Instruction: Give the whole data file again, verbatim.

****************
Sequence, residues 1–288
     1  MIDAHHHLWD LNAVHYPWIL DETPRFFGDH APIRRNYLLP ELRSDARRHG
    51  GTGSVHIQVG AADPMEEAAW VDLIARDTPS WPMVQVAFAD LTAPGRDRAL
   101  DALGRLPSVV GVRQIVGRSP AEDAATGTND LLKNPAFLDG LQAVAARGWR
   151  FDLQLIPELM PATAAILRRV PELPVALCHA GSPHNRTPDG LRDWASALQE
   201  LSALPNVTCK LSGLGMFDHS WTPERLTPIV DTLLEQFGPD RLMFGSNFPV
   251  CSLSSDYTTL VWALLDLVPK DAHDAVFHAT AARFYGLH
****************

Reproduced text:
Sequence, residues 1–288
     1  MIDAHHHLWD LNAVHYPWIL DETPRFFGDH APIRRNYLLP ELRSDARRHG
    51  GTGSVHIQVG AADPMEEAAW VDLIARDTPS WPMVQVAFAD LTAPGRDRAL
   101  DALGRLPSVV GVRQIVGRSP AEDAATGTND LLKNPAFLDG LQAVAARGWR
   151  FDLQLIPELM PATAAILRRV PELPVALCHA GSPHNRTPDG LRDWASALQE
   201  LSALPNVTCK LSGLGMFDHS WTPERLTPIV DTLLEQFGPD RLMFGSNFPV
   251  CSLSSDYTTL VWALLDLVPK DAHDAVFHAT AARFYGLH